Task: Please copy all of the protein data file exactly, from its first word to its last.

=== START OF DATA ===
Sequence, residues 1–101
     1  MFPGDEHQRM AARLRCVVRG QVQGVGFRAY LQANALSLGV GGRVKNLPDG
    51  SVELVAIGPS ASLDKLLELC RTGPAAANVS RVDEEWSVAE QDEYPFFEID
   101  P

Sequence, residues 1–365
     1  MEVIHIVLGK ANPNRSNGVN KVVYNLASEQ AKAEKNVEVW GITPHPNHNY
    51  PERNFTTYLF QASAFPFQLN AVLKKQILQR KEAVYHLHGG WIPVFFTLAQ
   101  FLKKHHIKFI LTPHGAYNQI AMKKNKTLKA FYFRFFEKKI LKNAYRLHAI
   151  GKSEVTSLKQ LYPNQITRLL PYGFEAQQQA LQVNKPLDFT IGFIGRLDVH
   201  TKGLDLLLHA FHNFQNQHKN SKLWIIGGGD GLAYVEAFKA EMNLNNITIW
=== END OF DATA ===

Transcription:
Sequence, residues 1–101
     1  MFPGDEHQRM AARLRCVVRG QVQGVGFRAY LQANALSLGV GGRVKNLPDG
    51  SVELVAIGPS ASLDKLLELC RTGPAAANVS RVDEEWSVAE QDEYPFFEID
   101  P

Sequence, residues 1–365
     1  MEVIHIVLGK ANPNRSNGVN KVVYNLASEQ AKAEKNVEVW GITPHPNHNY
    51  PERNFTTYLF QASAFPFQLN AVLKKQILQR KEAVYHLHGG WIPVFFTLAQ
   101  FLKKHHIKFI LTPHGAYNQI AMKKNKTLKA FYFRFFEKKI LKNAYRLHAI
   151  GKSEVTSLKQ LYPNQITRLL PYGFEAQQQA LQVNKPLDFT IGFIGRLDVH
   201  TKGLDLLLHA FHNFQNQHKN SKLWIIGGGD GLAYVEAFKA EMNLNNITIW